Tutorial: Hidden Outlier Interference and Its Mitigation

  • Room: Granby D
Tuesday, November 12, 2019: 9:00 AM - 12:00 PM


Speaker (confirmed)
Ruslan L. Davidchack, Ph.D.
Professor of Mathematical Modelling and Computation, Department of Mathematics
University of Leicester
Speaker (confirmed)
Alexei V. Nikitin, Ph.D.
Co-Founder and Chief Science Officer
Nonlinear LLC


Approved for 3 CompTIA CEUs: A+, Network+

In addition to ever-present thermal noise, various communication and sensor systems can be affected by interfering signals that originate from a multitude of other natural and technogenic (man-made) phenomena. Such interfering signals often have intrinsic "outlier" temporal and/or amplitude structures, which are different from the Gaussian structure of the thermal noise. The presence of different types of such outlier noise is widely acknowledged in multiple applications, under various general and application-specific names, most commonly as impulsive, transient, burst, or crackling noise. For example, outlier electromagnetic interference (EMI) is inherent in digital electronics and communication systems, transmitted into a system in various ways, including electrostatic coupling, electromagnetic induction, or RF radiation. However, although the detrimental effects of EMI are broadly acknowledged in the industry, its outlier nature often remains indistinct, and its omnipresence and impact, and thus the potential for its mitigation, remain greatly underutilized.

There are two fundamental reasons why the outlier nature of many technogenic interference sources is often dismissed as irrelevant. The first one is a simple lack of motivation. Without using nonlinear filtering techniques the resulting signal quality is largely invariant to a particular time-amplitude makeup of the interfering signal and depends mainly on the total power and the spectral composition of the interference in the passband of interest. Thus, unless the interference results in obvious, clearly identifiable outliers in the signal's band, the "hidden" outlier noise does not attract attention. The second reason is the highly elusive nature of outlier noise, and the inadequacy of tools used for its consistent observation and/or quantification. More important, the amplitude distribution of a non-Gaussian signal is generally modifiable by linear filtering, and such filtering can often convert the signal from sub-Gaussian into super-Gaussian, and vice versa. Thus apparent outliers in a signal can disappear and reappear due to various filtering effects, as the signal propagates through media and/or the signal processing chain.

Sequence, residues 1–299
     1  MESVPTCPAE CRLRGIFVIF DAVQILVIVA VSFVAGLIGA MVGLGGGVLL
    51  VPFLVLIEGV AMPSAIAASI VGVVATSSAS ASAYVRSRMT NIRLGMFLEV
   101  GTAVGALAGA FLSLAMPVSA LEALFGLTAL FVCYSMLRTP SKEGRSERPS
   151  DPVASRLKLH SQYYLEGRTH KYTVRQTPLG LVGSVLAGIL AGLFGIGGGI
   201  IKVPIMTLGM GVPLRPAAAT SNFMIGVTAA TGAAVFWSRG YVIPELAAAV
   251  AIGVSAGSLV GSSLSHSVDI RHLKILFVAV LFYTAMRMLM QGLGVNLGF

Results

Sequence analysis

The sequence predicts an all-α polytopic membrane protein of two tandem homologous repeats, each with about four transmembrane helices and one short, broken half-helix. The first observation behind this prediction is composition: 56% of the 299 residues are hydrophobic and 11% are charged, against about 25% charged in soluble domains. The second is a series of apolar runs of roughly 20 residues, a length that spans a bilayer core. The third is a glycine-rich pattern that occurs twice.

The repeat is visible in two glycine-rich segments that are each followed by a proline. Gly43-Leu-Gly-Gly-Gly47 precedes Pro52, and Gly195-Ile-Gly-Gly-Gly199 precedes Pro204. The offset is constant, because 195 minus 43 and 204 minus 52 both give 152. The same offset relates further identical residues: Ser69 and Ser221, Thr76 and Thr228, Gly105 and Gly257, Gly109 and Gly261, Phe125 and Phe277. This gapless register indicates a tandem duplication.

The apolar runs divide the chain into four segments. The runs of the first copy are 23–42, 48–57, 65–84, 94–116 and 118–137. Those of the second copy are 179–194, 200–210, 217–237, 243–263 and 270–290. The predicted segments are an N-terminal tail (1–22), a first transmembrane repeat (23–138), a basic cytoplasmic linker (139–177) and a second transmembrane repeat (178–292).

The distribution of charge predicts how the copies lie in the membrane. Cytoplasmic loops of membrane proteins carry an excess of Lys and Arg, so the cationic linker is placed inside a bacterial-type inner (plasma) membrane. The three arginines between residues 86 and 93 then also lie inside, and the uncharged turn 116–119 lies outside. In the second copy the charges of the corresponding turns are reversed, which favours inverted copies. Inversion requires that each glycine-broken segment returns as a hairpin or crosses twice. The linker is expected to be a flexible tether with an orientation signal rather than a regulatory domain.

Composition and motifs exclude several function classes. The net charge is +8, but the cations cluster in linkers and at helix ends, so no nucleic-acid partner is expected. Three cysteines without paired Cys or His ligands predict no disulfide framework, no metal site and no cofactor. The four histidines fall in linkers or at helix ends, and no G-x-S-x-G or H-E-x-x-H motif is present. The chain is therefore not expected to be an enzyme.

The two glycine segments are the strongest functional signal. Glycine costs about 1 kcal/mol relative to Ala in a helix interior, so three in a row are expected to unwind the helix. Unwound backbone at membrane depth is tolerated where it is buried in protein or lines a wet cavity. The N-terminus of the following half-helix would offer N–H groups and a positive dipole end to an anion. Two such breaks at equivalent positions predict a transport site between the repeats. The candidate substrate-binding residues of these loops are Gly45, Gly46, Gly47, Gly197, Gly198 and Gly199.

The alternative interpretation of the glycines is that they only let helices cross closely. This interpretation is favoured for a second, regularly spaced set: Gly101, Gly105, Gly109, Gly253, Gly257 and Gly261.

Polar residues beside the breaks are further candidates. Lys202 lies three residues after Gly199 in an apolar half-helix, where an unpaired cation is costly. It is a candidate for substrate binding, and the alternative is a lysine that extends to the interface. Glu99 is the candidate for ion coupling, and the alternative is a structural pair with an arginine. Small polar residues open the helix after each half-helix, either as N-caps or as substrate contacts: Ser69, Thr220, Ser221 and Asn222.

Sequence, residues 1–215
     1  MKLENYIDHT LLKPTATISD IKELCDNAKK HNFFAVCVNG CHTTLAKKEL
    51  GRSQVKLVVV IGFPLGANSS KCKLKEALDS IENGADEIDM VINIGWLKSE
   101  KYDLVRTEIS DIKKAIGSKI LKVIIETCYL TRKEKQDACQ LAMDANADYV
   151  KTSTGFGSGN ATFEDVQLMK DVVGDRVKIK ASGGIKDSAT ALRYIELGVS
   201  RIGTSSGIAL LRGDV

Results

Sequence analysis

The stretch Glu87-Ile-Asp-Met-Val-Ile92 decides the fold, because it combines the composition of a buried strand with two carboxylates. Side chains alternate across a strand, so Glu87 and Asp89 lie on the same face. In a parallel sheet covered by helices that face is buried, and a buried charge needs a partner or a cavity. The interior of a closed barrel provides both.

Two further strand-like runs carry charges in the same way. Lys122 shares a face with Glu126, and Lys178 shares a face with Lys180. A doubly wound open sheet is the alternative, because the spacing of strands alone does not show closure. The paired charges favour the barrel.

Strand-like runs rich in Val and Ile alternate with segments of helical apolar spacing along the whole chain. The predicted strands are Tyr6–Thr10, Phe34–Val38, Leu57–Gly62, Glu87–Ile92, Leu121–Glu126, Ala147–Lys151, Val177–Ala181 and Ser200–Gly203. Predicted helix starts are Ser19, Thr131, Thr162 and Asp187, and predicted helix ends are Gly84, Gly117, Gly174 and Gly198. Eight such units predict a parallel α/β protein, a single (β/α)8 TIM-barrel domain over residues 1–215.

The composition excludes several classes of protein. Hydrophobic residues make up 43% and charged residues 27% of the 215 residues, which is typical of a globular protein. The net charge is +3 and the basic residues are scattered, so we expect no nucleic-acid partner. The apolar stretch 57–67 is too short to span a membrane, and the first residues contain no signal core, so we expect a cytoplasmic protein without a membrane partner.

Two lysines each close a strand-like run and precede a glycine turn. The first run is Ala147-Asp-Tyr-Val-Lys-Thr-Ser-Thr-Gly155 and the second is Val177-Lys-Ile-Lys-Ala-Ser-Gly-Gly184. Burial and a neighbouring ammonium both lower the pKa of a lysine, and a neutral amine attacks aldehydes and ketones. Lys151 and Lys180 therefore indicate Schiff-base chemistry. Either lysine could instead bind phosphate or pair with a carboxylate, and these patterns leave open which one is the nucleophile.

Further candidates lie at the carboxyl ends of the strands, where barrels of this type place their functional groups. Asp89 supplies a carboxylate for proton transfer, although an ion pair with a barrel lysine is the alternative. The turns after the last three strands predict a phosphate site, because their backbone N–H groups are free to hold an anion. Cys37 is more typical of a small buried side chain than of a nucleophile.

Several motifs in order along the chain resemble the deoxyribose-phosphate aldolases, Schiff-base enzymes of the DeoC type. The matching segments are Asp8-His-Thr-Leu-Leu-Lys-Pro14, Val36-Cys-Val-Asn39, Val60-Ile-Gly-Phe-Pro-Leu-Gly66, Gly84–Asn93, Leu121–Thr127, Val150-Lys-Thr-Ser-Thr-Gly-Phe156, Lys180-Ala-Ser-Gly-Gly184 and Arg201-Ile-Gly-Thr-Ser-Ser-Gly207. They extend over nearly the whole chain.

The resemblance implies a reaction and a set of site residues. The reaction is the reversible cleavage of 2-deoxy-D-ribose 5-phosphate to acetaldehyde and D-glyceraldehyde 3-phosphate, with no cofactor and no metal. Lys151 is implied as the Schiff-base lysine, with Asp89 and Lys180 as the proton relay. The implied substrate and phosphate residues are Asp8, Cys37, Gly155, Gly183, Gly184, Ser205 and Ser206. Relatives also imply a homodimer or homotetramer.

This tutorial provides a concise overview of the methodology and tools, including their analog and digital implementations, for real-time mitigation of outlier interference in general and "hidden" wideband outlier noise in particular. Such mitigation is performed as a "first line of defense" against interference ahead of, or in the process of, reducing the bandwidth to that of the signal of interest. Either used by itself, or in combination with subsequent interference mitigation techniques, this approach provides interference mitigation levels otherwise unattainable, with the effects, depending on particular interference scenarios, ranging from "no harm" to spectacular. Although the main focus of this filtering technique is mitigation of wideband outlier noise affecting a band-limited signal of interest, it can also be used, given some a priori knowledge of the signal of interest's structure, to reduce outlier interference that is confined to the signal's band.


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Approved for 3 CompTIA CEUs: A+, Network+